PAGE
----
Before the Next Attack

Before the Next Attack: Preserving Civil Liberties in an Age of Terrorism

Bruce Ackerman
Copyright Date: 2006
Published by: Yale University Press
Pages: 240
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  • Book Info
    Before the Next Attack
    Book Description:

    Terrorist attacks regularly trigger the enactment of repressive laws, setting in motion a vicious cycle that threatens to devastate civil liberties over the twenty-first century. In this clear-sighted book, Bruce Ackerman peers into the future and presents an intuitive, practical alternative. He proposes an "emergency constitution" that enables government to take extraordinary actions to prevent a second strike in the short run while prohibiting permanent measures that destroy our freedom over the longer run.Ackerman's "emergency constitution" exposes the dangers lurking behind the popular notion that we are fighting a "war" on terror. He criticizes court opinions that have adopted the war framework, showing how they uncritically accept extreme presidential claims to sweeping powers. Instead of expanding the authority of the commander in chief, the courts should encourage new forms of checks and balances that allow for decisive, but carefully controlled, presidential action during emergencies. In making his case, Ackerman explores emergency provisions in constitutions of nations ranging from France to South Africa, retaining aspects that work and adapting others. He shows that no country today is well equipped to both fend off terrorists and preserve fundamental liberties, drawing particular attention to recent British reactions to terrorist attacks. Written for thoughtful citizens throughout the world, this book is democracy's constitutional reply to political excess in the sinister era of terrorism.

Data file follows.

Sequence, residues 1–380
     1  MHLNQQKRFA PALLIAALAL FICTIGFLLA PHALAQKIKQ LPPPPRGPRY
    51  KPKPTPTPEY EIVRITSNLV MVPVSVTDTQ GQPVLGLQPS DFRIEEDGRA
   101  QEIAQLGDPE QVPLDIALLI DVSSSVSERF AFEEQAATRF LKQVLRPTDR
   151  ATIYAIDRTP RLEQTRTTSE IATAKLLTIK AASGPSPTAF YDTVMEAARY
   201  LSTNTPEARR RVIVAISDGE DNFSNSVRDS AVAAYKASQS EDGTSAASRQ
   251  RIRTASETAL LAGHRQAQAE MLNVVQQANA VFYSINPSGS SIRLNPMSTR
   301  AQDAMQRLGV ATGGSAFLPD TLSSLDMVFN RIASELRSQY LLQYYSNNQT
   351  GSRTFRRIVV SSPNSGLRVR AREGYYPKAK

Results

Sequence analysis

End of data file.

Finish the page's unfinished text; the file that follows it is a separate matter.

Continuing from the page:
eISBN: 978-0-300-12703-4
    Subjects: Political Science

Table of Contents

  1. Front Matter
    (pp. i-vi)
  2. Table of Contents
    (pp. vii-x)
    (pp. 1-10)

    Imagine waking up the morning after the next terrorist attack. You may feel a range of emotions: grief, anger, fear. And you will be relieved when you turn on the television and hear the president promise decisive action. Spurred on by self-righteous indignation and anxious self-defense, the government will spend billions over the next few months to prevent the repetition of the disaster—and a good thing too.

    Day after day, a predictable range of reactions will play themselves out on television: the emphatic gestures of solidarity with the thousands who have lost their loved ones in the senseless blast,...

  4. Part I. Diagnosis
      (pp. 13-38)

      “War on terror” is, on its face, a preposterous expression. Terrorism is simply the name of a technique: intentional attacks on innocent civilians.¹ But war isn’t merely a technical matter: it is a life-anddeath struggle against a particular enemy. We made war against Nazi Germany, not against the Blitzkrieg.²

      Once we allow ourselves to declare war on a technique, we open up a dangerous rhetorical path. During times of panic, indiscriminate war talk will encourage a shocked public to lash out at amorphous threats without the need to define them clearly. Who knows who will be swept into the net?...

      (pp. 39-57)

      The “war on terror” dominates political rhetoric, and so my first task has been to loosen its grip on the public mind. But “war” isn’t the only big idea that recurrently emerges when we talk about our current predicament. “Crime” provides a second, and competing, paradigm: if politicians have been eagerly waging war, legal traditionalists have been insisting that the tried-and-true principles of the criminal law suffice to deal with our problem.

      And to a large extent, they are right. The basic principles of criminal due process are the product of centuries of struggle against arbitrary power. They have proven...

      (pp. 58-74)